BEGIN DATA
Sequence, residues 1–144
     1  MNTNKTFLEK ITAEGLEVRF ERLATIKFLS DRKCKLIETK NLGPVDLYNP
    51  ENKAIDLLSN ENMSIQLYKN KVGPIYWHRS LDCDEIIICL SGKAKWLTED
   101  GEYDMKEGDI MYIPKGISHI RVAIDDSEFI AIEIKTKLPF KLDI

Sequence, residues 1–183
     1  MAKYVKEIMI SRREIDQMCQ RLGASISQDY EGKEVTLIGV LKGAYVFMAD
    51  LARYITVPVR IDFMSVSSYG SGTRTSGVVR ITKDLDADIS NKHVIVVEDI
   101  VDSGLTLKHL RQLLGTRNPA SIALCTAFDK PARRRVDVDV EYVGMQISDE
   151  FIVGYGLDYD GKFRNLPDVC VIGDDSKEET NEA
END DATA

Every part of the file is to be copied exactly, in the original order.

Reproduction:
Sequence, residues 1–144
     1  MNTNKTFLEK ITAEGLEVRF ERLATIKFLS DRKCKLIETK NLGPVDLYNP
    51  ENKAIDLLSN ENMSIQLYKN KVGPIYWHRS LDCDEIIICL SGKAKWLTED
   101  GEYDMKEGDI MYIPKGISHI RVAIDDSEFI AIEIKTKLPF KLDI

Sequence, residues 1–183
     1  MAKYVKEIMI SRREIDQMCQ RLGASISQDY EGKEVTLIGV LKGAYVFMAD
    51  LARYITVPVR IDFMSVSSYG SGTRTSGVVR ITKDLDADIS NKHVIVVEDI
   101  VDSGLTLKHL RQLLGTRNPA SIALCTAFDK PARRRVDVDV EYVGMQISDE
   151  FIVGYGLDYD GKFRNLPDVC VIGDDSKEET NEA